4 minute read • published in partnership with 1st MTA
Case Study: How Stratos Engineering doubled productivity & virtually eliminated scrap
Subcontract machining of plastic parts constitutes the vast majority of output at the Gloucester factory of Stratos Precision Engineering, where the production of a particular component was causing problems that were exacerbated by the need to produce around 5,000 per year.
It is an acrylic manifold block for a flow control device that previously had to be clamped three times in conventional vices mounted side by side on the table of a Haas VF4 vertical machining centre. This process has been replaced by a more modern clamping system based on a four-sided tombstone and indexing trunnion supplied in October 2018 by 1st Machine Tool Accessories.
Specifically, the solution is a US-manufactured Chick Indexing Subsystem. It comprises a Multi-Lok having four faces each carrying a twin-position Qwik-Lok clamp that secures two parts at once against a central jaw each time the handle is wound to closure. The whole arrangement is mounted horizontally on a fourth CNC axis comprising, in this case, a Haas HRT210 rotary table and a Chick tailstock. The benefits of what appears to be a relatively simple change in workholding practice has been remarkable.
Most notable is that the operator is now able to fixture eight plastic billets at a time, close the machine doors, walk away for an hour to do other jobs, and return to unload eight parts machined on three faces, ready for a second operation to mill away material from the back face. Previously, the three cycles were carried out sequentially in individual vices mounted on the machine table. It meant that the operator had to be in almost permanent attendance to open the doors, reset the components and close the doors to be able to extract one finished part every 15 minutes, i.e. four per hour.
Production output is thus doubled, despite the cutters being in contact with the material for a similar length of time. The saving comes purely through less handling of the components coupled with the opportunity to program fewer tool changes. One cutter can move around at least two parts rather than one, and potentially eight if the cycle time can be lowered by rotating the trunnion rather than exchanging the tool when machining any given feature.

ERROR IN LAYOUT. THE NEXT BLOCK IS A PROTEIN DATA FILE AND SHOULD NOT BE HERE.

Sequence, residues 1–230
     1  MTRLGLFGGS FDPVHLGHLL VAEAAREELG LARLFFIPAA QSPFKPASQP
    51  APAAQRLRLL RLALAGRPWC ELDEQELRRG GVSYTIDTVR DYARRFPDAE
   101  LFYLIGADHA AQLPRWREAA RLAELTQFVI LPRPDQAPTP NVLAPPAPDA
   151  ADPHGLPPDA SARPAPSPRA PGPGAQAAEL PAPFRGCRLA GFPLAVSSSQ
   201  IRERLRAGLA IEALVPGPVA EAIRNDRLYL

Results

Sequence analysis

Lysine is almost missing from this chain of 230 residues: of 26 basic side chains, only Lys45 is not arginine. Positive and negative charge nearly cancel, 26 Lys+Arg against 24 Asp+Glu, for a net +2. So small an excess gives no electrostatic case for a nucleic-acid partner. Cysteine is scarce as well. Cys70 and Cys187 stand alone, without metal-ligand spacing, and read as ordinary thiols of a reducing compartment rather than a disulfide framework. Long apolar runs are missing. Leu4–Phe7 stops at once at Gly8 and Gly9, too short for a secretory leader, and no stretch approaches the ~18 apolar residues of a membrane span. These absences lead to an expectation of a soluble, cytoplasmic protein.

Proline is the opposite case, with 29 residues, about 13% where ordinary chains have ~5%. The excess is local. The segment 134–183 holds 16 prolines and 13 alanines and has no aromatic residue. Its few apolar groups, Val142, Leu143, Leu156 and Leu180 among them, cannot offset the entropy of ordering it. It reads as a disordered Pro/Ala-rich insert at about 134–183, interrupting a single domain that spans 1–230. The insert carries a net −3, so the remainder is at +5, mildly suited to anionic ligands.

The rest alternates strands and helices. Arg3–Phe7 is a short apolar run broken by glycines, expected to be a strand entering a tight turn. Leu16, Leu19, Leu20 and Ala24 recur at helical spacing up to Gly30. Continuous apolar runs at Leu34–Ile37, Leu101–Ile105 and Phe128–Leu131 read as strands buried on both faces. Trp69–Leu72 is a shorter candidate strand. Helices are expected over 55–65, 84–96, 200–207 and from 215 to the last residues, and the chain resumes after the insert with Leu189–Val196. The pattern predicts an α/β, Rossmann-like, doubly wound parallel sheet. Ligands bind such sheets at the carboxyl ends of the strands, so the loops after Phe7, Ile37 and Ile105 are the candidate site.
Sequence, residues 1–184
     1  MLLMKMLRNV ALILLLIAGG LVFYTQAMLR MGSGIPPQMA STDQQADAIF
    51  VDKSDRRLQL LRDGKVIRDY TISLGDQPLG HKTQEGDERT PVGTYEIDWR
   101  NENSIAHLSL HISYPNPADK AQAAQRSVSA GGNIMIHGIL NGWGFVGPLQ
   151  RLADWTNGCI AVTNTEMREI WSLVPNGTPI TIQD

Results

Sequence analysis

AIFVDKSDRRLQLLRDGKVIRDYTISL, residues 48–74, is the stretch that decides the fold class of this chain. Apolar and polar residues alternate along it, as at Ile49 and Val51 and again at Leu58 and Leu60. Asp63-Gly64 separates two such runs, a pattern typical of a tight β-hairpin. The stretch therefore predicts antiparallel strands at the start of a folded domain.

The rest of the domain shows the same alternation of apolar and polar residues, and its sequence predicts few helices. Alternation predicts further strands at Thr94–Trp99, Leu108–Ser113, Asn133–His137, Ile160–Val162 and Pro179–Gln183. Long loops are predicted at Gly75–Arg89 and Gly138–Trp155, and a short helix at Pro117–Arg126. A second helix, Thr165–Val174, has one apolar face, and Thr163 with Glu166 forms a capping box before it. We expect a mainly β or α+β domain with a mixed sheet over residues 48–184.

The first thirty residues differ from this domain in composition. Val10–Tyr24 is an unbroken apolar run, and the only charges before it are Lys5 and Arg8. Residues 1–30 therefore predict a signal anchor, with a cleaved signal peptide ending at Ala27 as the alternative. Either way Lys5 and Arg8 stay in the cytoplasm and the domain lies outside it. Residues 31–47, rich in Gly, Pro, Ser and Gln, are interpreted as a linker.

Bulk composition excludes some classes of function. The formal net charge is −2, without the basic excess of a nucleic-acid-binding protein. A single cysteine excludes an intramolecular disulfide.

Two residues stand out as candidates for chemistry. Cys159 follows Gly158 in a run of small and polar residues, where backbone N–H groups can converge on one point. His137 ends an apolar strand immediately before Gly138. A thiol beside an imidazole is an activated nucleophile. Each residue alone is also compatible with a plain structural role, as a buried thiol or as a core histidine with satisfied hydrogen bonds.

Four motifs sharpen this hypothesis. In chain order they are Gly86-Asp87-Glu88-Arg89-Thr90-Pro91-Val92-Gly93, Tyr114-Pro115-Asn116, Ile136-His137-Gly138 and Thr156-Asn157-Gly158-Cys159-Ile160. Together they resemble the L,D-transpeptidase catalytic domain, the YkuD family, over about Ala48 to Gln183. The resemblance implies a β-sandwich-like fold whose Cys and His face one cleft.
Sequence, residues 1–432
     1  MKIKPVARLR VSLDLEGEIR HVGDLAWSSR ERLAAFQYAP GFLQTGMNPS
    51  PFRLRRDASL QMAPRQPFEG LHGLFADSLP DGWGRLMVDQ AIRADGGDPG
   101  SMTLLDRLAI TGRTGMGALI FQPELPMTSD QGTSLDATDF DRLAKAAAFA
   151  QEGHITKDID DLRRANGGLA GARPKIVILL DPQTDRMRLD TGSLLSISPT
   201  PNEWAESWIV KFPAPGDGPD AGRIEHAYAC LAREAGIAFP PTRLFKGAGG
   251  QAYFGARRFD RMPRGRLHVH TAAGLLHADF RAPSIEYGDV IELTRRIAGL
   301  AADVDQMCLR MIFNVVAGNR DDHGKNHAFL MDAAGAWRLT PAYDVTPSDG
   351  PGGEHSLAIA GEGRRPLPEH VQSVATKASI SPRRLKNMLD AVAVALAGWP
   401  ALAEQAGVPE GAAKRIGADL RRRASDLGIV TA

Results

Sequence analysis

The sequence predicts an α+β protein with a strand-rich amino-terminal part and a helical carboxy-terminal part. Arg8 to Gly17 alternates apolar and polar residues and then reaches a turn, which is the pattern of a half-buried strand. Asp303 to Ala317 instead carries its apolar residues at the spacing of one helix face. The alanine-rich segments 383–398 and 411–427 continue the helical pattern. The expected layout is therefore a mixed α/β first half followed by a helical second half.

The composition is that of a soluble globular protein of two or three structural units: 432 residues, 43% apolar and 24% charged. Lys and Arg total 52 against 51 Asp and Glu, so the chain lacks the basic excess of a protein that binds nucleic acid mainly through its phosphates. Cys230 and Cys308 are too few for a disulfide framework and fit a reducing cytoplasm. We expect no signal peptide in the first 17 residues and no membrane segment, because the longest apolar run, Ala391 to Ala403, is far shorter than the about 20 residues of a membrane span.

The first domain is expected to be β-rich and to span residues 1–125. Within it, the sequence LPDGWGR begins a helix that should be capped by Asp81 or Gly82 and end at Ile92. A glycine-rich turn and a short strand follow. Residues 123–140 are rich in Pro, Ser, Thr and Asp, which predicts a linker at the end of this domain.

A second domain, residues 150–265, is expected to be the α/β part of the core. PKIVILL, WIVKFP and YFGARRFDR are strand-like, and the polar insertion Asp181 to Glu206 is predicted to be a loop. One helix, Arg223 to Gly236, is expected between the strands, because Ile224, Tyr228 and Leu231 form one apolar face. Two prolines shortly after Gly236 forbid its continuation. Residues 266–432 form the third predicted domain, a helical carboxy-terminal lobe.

The other major advantage of the new workholding solution provided by 1st MTA is a reduction in scrap from around one part in 20 to virtually zero, as the risk of tolerance build-up through repeated refixturing is eliminated. Previously, if the operator did not blow swarf comprehensively from all of the vice jaws, the resulting misalignment of the component in any one of them meant that features could fall outside drawing tolerance, which is down to ± 0.05 mm.
With parts set up nearer to eye level due to the additional height provided by the trunnion, and the fact that it indexes through 360 degrees during the hour-long cycle so a lot of swarf falls away, management of chips in the jaws is much easier and in practice workpieces always seat correctly in the Qwik-Loks. The only time a component now has to be scrapped is if a tool breaks in-cycle, which is rare when cutting plastic materials.
Jonathan Caple, Managing Director and joint owner of Stratos Engineering with business partner and Operations Director Mark Vine said, “We are delighted with the efficiency of the new Chick workholding system and so is our customer.
“They visited to see the new production process and have been so impressed that the occasional bottlenecks and supply interruptions have been eliminated that it prompted them to award us additional work.”
He added that two other jobs including a round component have already been put on the Chick Multi-Lok using other sets of suitably machined aluminium jaws to hold the parts securely. A similar doubling of production output has resulted in both cases.
From working for a single customer in 2013 to currently having 170 on its books spanning numerous industries from food and drink to oil and gas, Stratos Engineering has made considerable progress in just six years. A doubling of factory area within six months of starting and a further doubling in 2015 to currently 8,000 sq ft gave an indication that the subcontractor’s rise would be rapid.
Specialisation in machining plastics that many subcontractors avoid is one reason for the company’s success. Another is the regular purchase of modern CNC machine tools – the company currently operates five lathes up to 650 mm diameter capacity, five machining centres with up to 1,217 mm X-axis travel, two routers for material up to 3 metres x 2 metres and a turret mill. Up-to-date manufacturing practices on those machines, such as the use of Chick workholding, coupled with good service and delivery will undoubtedly see that success continue.